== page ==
Parashat Va'et'hanan Torah Reading: Deuteronomy 3:23 - 7:11
I have not been alone in my fascination this week with the aftermath of the arrest of Harvard Professor Gates. Yesterday's conference during which the four gentlemen mentioned above each imbibed his favorite American brew was a brilliant move in terms of leadership, of walking the talk, of role-modeling conflict resolution on a human scale and a lot more.
But it was also a very Jewish moment, impressive considering that there weren't actually any Jews at the table!
This past week, we observed the fast of the 9th of Av (Tisha B'Av) which commemorates the destruction of the First and Second Temples in Jerusalem centuries apart but on the same date. One rabbinic response to this calamity which appears in the Talmud is an admonishment to Israel: the Temple was destroyed because Israel forgot God's values and principles by indulging in bias and senseless hatred . . . or, in a parallel text, by indulging in libelous and destructive speech.
Some human foibles, apparently, never go away.
This Shabbat we read the very moving passage from Isaiah "Nachamu, nachamu ami" / "be comforted, be comforted My people." The healing process begins after the wounds have been opened up by prejudice and slander.
I don't know if life imitates art . . . but this week, life is imitating Torah.
How does this kind of healing take place? By reversing the forces of hatred and bigotry and replacing them with openness, courage and respect. The New York Times reported on the White House "beer summit", emphasizing that the press was not allowed within earshot of the table under the magnolia tree. But Professor Gates reported on a "pre-summit" exchange that, to my mind, reflects those healing characteristics:
"The two men [Professor Gates and Sergeant Crowley] and their families first encountered each other in the White House library while each group was on individual tours of the White House on Thursday afternoon.
'Nobody knew what to do," Professor Gates said. "So I walked over, stuck out my hand and said, 'It's a pleasure to meet you.' That broke the awkwardness.'"
Nachamu, nachamu ami . . . that's how it's done.
Parashat D'varim Torah Reading: Deuteronomy 1:1 - 3:22
This coming week, we will observe the fast of Tisha B'Av. "Tisha" is Hebrew for the number 9. Av is the current Hebrew month. As you will learn from the short article below, this date has taken on a heavy burden of grief for our people as a national and religious entity. I bring you this short article from a wonderful website: www.myjewishlearning.com. This site is a very reliable and accessible resource for information on Jewish tradition, observances, culture and history.
A Day of Disaster
Many calamitous events are said to have occurred on Tisha B'Av.
By Rabbi Robert Goodman
Reproduced with permission from Teaching Jewish Holidays: History Values and Activities (A.R.E. Publishing, Inc.).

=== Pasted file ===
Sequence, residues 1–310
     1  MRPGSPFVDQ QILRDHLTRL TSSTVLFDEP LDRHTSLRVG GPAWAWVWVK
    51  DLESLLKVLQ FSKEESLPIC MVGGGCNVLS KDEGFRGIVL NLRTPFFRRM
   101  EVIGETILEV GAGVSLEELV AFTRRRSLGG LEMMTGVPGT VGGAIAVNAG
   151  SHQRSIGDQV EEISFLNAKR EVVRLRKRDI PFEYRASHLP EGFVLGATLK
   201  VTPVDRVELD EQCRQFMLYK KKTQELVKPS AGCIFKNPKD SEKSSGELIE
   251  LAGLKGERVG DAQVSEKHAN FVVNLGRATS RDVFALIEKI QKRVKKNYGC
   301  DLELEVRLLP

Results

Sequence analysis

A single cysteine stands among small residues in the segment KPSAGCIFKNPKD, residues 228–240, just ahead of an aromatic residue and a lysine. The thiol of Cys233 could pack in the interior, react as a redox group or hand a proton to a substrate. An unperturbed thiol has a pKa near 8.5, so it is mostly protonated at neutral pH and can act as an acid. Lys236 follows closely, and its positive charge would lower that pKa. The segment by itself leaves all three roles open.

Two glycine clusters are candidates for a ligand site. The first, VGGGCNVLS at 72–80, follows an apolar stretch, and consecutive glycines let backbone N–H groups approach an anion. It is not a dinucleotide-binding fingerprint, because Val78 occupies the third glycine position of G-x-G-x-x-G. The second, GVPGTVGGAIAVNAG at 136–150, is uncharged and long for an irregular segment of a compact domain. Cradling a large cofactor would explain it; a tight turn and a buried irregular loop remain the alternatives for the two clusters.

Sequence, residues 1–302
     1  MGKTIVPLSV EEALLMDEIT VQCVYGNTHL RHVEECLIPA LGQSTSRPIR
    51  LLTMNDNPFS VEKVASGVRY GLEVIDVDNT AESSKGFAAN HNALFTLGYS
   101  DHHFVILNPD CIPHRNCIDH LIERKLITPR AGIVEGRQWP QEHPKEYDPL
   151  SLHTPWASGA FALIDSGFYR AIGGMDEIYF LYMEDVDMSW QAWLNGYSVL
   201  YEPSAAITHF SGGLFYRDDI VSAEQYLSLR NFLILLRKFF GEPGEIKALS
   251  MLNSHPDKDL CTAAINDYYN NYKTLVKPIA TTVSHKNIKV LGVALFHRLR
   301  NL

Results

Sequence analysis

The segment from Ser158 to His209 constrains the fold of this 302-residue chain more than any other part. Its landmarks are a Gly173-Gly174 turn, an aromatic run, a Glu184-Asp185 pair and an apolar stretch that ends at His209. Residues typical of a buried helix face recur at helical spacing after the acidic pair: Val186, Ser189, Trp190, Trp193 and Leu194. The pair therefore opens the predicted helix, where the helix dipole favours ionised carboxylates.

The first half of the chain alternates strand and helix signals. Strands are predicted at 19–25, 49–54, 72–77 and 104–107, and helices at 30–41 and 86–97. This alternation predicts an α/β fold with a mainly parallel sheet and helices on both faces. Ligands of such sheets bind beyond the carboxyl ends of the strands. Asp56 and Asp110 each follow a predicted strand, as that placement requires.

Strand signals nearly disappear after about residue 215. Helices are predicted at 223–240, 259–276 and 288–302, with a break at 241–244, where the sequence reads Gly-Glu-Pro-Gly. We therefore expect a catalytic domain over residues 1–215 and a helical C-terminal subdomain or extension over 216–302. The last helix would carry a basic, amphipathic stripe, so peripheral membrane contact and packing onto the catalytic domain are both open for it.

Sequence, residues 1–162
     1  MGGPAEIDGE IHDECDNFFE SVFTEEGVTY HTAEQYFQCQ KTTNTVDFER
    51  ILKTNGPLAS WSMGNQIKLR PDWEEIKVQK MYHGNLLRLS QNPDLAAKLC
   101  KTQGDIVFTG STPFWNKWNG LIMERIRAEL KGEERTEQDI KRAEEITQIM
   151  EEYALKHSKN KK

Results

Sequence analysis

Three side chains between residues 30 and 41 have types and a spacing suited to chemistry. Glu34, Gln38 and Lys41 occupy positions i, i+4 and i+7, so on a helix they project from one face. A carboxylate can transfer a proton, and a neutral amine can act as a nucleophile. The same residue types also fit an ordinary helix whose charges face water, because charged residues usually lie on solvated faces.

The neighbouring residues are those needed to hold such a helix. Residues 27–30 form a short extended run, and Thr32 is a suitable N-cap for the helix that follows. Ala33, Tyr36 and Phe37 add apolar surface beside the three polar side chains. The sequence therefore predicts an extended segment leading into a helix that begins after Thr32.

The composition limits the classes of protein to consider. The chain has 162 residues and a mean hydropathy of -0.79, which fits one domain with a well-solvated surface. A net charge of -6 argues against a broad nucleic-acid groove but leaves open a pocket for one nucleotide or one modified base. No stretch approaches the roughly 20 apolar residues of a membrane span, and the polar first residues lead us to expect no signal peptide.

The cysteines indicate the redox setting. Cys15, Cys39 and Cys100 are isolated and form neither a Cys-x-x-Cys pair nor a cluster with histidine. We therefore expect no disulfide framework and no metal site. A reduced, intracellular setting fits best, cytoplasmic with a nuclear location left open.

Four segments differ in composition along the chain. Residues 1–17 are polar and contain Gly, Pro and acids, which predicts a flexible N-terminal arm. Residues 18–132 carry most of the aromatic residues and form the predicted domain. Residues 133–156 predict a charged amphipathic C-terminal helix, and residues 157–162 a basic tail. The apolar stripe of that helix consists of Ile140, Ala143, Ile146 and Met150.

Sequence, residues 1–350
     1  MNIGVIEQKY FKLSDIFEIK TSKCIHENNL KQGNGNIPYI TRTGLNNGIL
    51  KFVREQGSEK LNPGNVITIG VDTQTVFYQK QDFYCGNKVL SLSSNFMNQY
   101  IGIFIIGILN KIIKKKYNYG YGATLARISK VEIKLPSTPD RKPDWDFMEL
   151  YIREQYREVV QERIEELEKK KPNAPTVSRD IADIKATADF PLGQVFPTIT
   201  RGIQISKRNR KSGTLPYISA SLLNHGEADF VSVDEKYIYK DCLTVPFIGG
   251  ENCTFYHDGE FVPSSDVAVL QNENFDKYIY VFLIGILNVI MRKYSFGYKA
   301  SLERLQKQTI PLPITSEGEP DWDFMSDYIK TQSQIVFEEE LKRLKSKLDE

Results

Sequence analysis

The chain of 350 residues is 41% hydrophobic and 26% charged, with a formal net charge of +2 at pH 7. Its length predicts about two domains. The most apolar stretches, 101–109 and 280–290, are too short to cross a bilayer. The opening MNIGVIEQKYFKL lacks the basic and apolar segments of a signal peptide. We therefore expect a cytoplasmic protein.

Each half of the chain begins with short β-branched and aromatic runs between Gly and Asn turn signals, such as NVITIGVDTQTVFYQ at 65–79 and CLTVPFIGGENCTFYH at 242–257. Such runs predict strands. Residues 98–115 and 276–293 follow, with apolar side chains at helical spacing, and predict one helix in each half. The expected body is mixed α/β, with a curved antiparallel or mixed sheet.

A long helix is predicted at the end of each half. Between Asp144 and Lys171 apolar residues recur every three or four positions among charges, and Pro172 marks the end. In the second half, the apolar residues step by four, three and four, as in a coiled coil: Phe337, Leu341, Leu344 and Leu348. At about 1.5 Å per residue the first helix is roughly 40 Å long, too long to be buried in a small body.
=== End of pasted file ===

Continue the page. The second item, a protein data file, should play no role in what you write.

Tisha B'Av has become the collective day of mourning in the Jewish calendar. Many tragic events are reputed to have occurred on this date. In some cases there is a question as to the precise dating of an event. For instance, with regard to the destruction of the First and Second Temples, some 656 years apart but on the same date--the 9th of Av--some sources indicate that the First Temple was destroyed on either the seventh or the 10th of Av, and the Second Temple was destroyed on the 10th of Av; rabbinic authorities, however, decided to mark the ninth of Av as the official date for remembering the destruction of both.
-Tisha B'Av serves to bind all of the following tragic events together in one day of mourning and remembering. [Tradition has it that] on the ninth of Av:
-It was decreed that the Israelites, after leaving Egypt, would wander in the desert for 40 years, until a new generation would be ready to enter the Promised Land.
-Betar, the fortress headquarters of Simon bar Kokhba, fell to the Romans in 135 C.E.
-Hadrian, the Roman [emperor] and ruler of Jerusalem, in 136 C.E., established a heathen temple [in Jerusalem] and rebuilt Jerusalem as a pagan city.
-The First Temple (that Solomon built) was destroyed by Nebuchadnezzar, King of Babylonia, in 586 B.C.E.
-The Second Temple (that returning exiles built and then Herod rebuilt) was destroyed by Titus and the Romans in 70 C.E.
-The Edict of Expulsion of the Jews from England was signed by King Edwald I in 1290.
-Ferdinand and Isabella decreed this to be the official date of the expulsion of the Jews from Spain in 1492. Led by Isaac Abarbanel, 300,000 Jews began to leave Spain on that date. Columbus set out on his first voyage of discovery on the day after Tisha B'Av (after delaying his sailing by one day).
Rabbi Robert Goodman is a former consultant to the Boards of Jewish Education in Chicago, Pittsburgh, and Milwaukee. He is the former rabbi of Congregation Beth Shalom in Brandon, Florida.
Most traditional Jewish communities observe this fast as a sign of mourning from sundown to sundown (this week from Wednesday night through Thursday night). A highly respected Conservative Jewish opinion with which I identify states that the fact of the existence of the State of Israel should be reflected in our ritual practices and observances. For this reason, there are many of us who cut our fast short following minchah in the afternoon of the 9th of Av. Our mourning is lessened by our deep joy in the existence of the State of Israel.
Rabbi Amy Levin
has been Torat Yisrael's rabbi since the summer of 2004 and serves as President of the Board of Rabbis of Greater Rhode Island.